Amazon Says First Amendment Protects Alexa Data
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Prosecutors in an Arkansas murder trial claim that an Amazon Echo could hold data crucial to the case, but Amazon says that data is protected by the First Amendment and is refusing to give it up.
The case involves a Bentonville, Ark., man accused of first-degree murder. It received national attention in December when authorities issued a warrant for data stored on the defendant's Echo, powered by Amazon's Alexa voice assistant. In a lengthy court filing last week, Amazon said that Echo voice commands as well as Alexa data stored on the company's servers cannot be subject to a search warrant, Forbes reports.
In the filing, Amazon explains that it records Echo users' voice commands and a transcript of Alexa's responses. "Both types of information are protected speech under the First Amendment," Amazon's lawyers write.
Because of that protection, the government must show a compelling need for the data. It failed to do so in this case, Amazon writes, arguing that the judge should quash the warrant. "Such government demands inevitably chill users from exercising their First Amendment rights to seek and receive information and expressive content in the privacy of their own home, conduct which lies at the core of the Constitution," the company says.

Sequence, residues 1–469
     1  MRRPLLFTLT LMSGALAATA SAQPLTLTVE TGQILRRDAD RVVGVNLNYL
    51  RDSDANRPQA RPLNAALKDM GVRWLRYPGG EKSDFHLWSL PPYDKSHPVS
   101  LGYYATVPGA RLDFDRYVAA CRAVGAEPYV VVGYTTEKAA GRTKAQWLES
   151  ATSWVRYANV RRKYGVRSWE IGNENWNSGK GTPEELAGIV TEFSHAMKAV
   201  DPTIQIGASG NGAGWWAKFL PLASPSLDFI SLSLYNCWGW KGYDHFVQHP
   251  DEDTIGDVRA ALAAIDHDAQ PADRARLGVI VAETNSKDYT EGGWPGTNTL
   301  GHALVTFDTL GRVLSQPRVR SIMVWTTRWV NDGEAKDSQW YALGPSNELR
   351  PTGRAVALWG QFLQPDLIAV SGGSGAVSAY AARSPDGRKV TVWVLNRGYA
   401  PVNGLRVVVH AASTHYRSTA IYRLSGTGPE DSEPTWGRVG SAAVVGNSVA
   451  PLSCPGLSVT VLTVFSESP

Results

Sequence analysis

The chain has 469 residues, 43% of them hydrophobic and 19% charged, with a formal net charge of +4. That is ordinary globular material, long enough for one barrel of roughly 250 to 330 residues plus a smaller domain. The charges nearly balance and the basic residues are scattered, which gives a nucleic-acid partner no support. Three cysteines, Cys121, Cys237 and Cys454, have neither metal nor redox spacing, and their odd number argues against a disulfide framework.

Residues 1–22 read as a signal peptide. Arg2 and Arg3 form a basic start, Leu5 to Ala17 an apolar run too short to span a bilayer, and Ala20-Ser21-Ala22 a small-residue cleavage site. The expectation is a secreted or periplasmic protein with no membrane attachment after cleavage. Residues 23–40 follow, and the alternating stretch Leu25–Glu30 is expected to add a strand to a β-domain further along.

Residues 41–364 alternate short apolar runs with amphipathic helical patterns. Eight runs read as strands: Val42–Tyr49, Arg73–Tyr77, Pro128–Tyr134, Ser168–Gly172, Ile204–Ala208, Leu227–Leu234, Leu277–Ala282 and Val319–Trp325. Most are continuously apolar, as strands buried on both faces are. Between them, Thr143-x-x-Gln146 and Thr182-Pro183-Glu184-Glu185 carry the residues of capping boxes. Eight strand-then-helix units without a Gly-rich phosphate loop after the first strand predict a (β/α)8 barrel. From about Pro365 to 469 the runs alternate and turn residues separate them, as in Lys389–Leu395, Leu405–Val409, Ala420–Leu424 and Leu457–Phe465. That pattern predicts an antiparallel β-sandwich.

An Amazon spokesperson told PCMag in December that it will not release customer information without a "valid and binding legal demand properly served on us."
As Amazon wrangles with the government over Alexa in court, the voice service's features continue to grow, with Wired reporting this week that more than 10,000 Alexa skills are now available, just a year and a half after Amazon opened the platform to third-party developers. Alexa skills allow users to tap a variety of external services using voice commands, from controlling smart light bulbs to accessing smartphone notifications.